In the wildness of our rivers, Atlantic salmon are like flashes of lightning. Seeing, even just one can give a jolt. If one is angling, the very first one brought to the shallows and
then gently released has the power to become a lifelong highlight of experiences. The photo at left is just that, a memorable moment for Jack Cameron, aged 10.
On August 29, just two weeks ago, he was fishing on the Serpentine River in North American, and caught – and released – his first Atlantic salmon. The expression on this young boy’s face says so much about the experience as guide Dawson Hovey snapped the photo. Jack Cameron will undoubtedly remember this moment, and this experience, decades from now.
A moment frozen in time, when he connected with a living creature that has all the magic of electricity. We would encourage any other anglers who have similar stories of releasing an Atlantic salmon to share them. In addition, Cameron entered ASF’s Live Release Draw, another way of saying it is important to let that Atlantic salmon continue its migration, as its ancestors have done for millenia.
Incidentally, check out who else has registered a live release this year.
Grand Cascapedia – To August 31, Darlene Sexton reported that 305 fish were landed for the month (275 salmon and 29 grilse released). These numbers compare well to the August last five year average of 298 (Made up of 2011 (477) 2010 (305) 2009 (267) 2008 (220) 2007 (221)). Water levels and temperatures were good for the first10 days of September. Up to date numbers will be available next week.
Matane – To September 11, a total of 2,135 fish (1,056 salmon and 1,079 grilse) had migrated to their native river. A total of 824 fish (337 salmon and 487 grilse) were reported landed. Mandatory live release of mature salmon began as of September 1 in sector 5. As of September 11, the Matane was flowing at 11cubic meters/second and dropping.
Lower St-Lawrence Region
Matapedia – To September 12, for the season that started on June 1, the CGRMP reported that 801 fish had been landed, including 55 reported releases. The 5-year average (2011-2007 based on numbers provided by the CGRMP) of landed fish at August 31 is 1,340. Following the count in mid-August, the CGRMP stated that there were sufficient numbers of fish to sustain a harvest until September 15.
Miramichi – Temperatures are cooling down nicely, and there was some rain this past week, but the number of Atlantic salmon coming up remains low. Some angling activity in the lower Miramichi river area, but only occasional hits further up. Fish coming to the barriers are minimal. At the Dungarvon Barrier there were no Atlantic salmon this past week. (see year to date chart below), giving a total of 37 grilse (vs. 75 in 2011), and 177 large salmon (vs. 408 in 2011).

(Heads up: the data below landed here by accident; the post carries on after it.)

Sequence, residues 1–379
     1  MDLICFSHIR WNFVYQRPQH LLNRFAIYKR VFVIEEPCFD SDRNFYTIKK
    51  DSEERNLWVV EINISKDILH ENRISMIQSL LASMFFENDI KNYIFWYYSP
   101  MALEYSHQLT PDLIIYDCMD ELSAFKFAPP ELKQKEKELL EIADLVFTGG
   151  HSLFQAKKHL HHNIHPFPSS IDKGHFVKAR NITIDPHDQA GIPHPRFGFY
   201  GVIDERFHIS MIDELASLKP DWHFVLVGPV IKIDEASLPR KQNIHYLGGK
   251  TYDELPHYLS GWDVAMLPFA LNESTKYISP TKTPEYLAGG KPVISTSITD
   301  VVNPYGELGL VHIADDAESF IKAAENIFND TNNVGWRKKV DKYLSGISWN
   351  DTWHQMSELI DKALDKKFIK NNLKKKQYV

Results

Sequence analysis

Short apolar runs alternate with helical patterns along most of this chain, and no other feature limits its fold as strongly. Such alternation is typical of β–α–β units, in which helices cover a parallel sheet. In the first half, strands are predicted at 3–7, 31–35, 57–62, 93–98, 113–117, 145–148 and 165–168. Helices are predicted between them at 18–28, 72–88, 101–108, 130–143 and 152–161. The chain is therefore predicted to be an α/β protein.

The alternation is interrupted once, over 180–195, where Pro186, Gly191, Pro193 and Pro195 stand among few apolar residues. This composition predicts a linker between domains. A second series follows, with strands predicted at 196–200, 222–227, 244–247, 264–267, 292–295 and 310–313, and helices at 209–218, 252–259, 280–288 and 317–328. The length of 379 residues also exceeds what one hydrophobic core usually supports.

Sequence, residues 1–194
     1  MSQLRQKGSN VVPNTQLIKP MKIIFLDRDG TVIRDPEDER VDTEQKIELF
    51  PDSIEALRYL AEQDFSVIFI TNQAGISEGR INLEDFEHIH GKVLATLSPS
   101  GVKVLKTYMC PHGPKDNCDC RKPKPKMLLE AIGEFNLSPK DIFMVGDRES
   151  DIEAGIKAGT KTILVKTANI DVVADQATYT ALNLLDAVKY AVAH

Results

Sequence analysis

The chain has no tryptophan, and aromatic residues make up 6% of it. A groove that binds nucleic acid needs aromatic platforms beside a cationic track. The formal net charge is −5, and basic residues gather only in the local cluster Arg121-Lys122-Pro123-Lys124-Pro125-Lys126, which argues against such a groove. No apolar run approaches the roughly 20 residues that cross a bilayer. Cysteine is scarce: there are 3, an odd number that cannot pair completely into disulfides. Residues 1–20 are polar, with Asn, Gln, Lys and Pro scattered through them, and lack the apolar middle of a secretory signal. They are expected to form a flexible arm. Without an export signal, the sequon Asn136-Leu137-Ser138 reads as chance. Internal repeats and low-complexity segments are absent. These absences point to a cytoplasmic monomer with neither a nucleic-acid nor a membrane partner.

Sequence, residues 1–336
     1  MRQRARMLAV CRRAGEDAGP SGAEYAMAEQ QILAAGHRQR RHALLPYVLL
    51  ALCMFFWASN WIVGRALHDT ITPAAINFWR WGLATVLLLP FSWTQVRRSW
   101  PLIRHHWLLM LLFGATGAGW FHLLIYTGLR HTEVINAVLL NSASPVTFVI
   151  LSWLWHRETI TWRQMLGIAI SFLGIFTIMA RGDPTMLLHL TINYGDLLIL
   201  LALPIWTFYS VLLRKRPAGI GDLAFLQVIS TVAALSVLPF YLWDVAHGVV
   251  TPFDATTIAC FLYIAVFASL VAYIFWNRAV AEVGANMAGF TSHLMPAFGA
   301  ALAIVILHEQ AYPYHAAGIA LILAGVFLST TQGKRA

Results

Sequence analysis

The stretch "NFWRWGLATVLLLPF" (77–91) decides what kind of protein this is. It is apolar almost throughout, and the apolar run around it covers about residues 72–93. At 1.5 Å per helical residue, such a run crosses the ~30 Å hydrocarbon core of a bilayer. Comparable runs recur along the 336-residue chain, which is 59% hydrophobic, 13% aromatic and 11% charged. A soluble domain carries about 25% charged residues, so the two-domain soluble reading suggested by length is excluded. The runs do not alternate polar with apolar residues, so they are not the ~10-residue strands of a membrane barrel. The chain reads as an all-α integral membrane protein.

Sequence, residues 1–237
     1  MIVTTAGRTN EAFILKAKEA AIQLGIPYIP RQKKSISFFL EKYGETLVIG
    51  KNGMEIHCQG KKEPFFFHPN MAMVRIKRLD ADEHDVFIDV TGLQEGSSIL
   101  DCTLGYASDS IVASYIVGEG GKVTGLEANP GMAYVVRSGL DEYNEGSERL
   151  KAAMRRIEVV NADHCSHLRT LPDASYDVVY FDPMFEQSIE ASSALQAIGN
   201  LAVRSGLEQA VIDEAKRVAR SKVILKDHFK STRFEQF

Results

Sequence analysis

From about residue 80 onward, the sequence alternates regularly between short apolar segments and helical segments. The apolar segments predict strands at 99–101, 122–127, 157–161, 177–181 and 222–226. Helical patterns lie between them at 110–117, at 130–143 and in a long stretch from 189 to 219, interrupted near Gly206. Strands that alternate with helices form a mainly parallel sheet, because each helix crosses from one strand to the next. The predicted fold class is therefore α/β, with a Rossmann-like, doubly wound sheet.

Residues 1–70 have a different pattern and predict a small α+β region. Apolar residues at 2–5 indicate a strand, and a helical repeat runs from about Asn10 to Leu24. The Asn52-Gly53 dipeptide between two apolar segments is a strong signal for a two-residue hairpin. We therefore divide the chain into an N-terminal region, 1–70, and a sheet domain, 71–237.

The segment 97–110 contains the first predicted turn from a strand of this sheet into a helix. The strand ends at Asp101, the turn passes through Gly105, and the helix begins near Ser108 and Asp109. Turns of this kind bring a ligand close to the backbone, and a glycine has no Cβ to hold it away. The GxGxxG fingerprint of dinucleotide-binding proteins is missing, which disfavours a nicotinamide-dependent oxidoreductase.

Five grilse came to the Norwest Miramichi Barrier fence, again showing that grilse numbers are way down – 156 this year vs. 694 last year. One needs to remember that last year really was exceptional.
Had a conversation with one of the biologists involved with the Atlantic salmon in Maine this past week. With the extra rain, 5 new salmon arrived at the Veazie Barrier. I note the DMR site had numbers as of Sept. 11 of 612, making that 3 salmon to that date.
The interesting point was that the fish, whether salmon or grilse, have this year been strong, and healthy, with no signs of emaciation. Just no signs from the fish themselves of what might be causing the numbers decrease in 2012.
Far more positive has been the demolition and removal of the Great Works Dam, which has largely been completed. As the main dam disappeared, a “legacy dam” built earlier in the 19th century began to show, as expected. Significant portions of that dam have also been removed. The effort is on schedule to have all Great Works removal completed by Nov. 1.
Amazing what a toned-down hurricane can accomplish. Northern Nova Scotia had quite a swipe from Tropical Storm Leslie, and the water went up, and now is down to fishable levels. Just have a look below at the NW Maragaree chart.
Given the beauty of the week, the cooler temperatures, the better flow, this might be the week to experience this glorious river in hopes of finding its wonderful salmon.
As of Sept. 7, all Newfoundland salmon rivers were closed except for the “big three” – the Humber, Exploits and Gander.
The Gander had a modest bump in flow from the tropical storm, but not a major increase. Other rivers more sensitive to sudden downpours did have increased levels that hopefully will encourage any Atlantic salmon out in the coastal waters to make a run for it up native rivers.
The Humber went up about a foot and was already high. A few recent reports of salmon hooked in the lower river, but mostly folks are waiting for the water to go back down.
Here’s hoping the magic of autumn includes more Atlantic salmon.